About three months ago now, I mentioned that we had just bottled our first wine kit, a Gewürztraminer. Although it was called a 28-day wine kit, those are never really drinkable that early, not if you actually enjoy wine and can taste the difference. We’ve opened a couple of bottles since then, but I was a little disappointed… until last night when we opened another one with dinner. And now I know that a 4-week wine kit needs to age three months in the bottle. It’s turned fairly nice now, and this was the first glass from that batch that I really enjoyed and wanted to follow up with another of the same.

This one was an inexpensive kit, and a way of getting started again after about 15 years since my last experience with making wine. Since then, we’ve bottled another inexpensive kit, a Vieux Chateau du Roi that tasted very promising when we bottled it, but we’ll still give it some more time in the cellar before I start popping them open. This is a wine I quite like and it should age reasonably well for a cheap kit.

Yesterday we also started another kit, a Canada White Heron Chardonnay Style kit which is described as “a full-bodied, dry wine with a brilliant light gold colour and a complex fruity bouquet of pears, apples, and apricots. Excellent with cream soups, seafood, fowl, veal, and pasta.” This is another one of the kits that is supposedly drinkable fairly quickly, and the hope is to produce something light and fruity for summer drinking. To this end, I’ve got some fruit flavours ready to add to part of the batch when we bottle it in a few weeks, passionfruit and strawberry… probably a third of the batch each. This kit can be aged up to 2 years, but we aren’t planning to use long corks and don’t expect it to see the end of the summer.

Now that we should have covered off the short-term wine requirements and hopefully getting more comfortable with the whole wine making process, I’ve got a higher quality kit sitting ready to start, one that’s made completely from juice rather than concentrate. This one is a Barolo — not something I’m very familiar with, but it sounds like something I’ll like based on my conversation with the wine store owner. The official description reads, “From the Piemonte region of Italy, Barolo is world famous for its complex and robust flavours. A distinguished, full-bodied, rich red wine that is dry and tannic with aromas of ripe fruit and berries.” This one doesn’t make the four-week claim, rather recommends aging for four to six months minimum, with 6-12 months preferred and suitable for cellaring for up to five years.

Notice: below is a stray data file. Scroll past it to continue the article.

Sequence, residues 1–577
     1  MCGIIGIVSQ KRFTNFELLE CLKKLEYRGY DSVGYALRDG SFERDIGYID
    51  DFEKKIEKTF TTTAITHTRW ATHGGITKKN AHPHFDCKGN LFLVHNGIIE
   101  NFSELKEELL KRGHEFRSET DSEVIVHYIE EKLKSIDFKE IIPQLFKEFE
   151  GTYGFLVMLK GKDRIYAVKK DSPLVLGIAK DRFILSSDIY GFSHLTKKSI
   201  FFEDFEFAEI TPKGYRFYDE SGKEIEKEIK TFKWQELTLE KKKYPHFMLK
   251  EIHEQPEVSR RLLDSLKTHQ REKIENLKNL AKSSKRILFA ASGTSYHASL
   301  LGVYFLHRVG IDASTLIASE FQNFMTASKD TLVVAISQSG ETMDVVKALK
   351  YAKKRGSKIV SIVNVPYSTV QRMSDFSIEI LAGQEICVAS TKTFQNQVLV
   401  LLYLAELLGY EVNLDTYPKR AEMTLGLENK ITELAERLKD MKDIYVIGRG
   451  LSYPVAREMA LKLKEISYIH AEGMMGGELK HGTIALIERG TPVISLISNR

I’m also expecting a phone call today to say that I have some fresh juice ready to pick up, a Müeller-Thurgau. For those who pre-order, the brewing shop I found recently brings in juice from California each fall, but they’re bringing some in this week at a discounted price, and I was able to place my order just in time. Unlike the other (concentrate or) juice kits, these ones are apparently all natural with no preservatives, and even include the grape skins. As I understand it, the juice is likely to have started fermenting when it arrives, so there’s no waiting to get started on this one. It will also be ready in 4-6 months, but should age longer and can be cellared up to five years as well.

I expect the quality of the wines to be improving as we work through all of the above, and perhaps I’ll squeeze in another kit over the summer. If the Müeller-Thurgau comes out nicely (or at least promising) by the end of September, I’ll probably order a couple more natural juice kits in the fall. Also in August and September, I hope to try experimenting with some recipes using local fruit (raspberries, strawberries, apples, maybe saskatoons) or whatever else we might find on sale (blueberries, blackberries) to make a few gallons of fruit wines.

I’ve even taken a couple of books from the library on this… bottom line, it looks like I was possibly in need of a new hobby. One of the reasons I haven’t been on that keen on pursuing wine making before is evident in the eclectic nature of the above list and the fact that it sounds like a lot of wine just for us (though we’ll probably give some away)… I like to have some variety in my wine selections rather than drinking the same “house wine” all the time. This way by building up the cellar, I’ll at least have some options when I go to select a bottle. It’ll certainly take up more space though!

My gaze is now starting to drift in the direction of the beer kits. I did one of those with my brother about 15 years ago as well, and one step involves boiling hops. I understand it’s optional, but that it’s recommended and it does make the difference. My wife isn’t keen on it because she doesn’t like the smell, so I’ve suggested buying a Coleman camp stove so I can do that step outside on the patio. We’ll see what happens.

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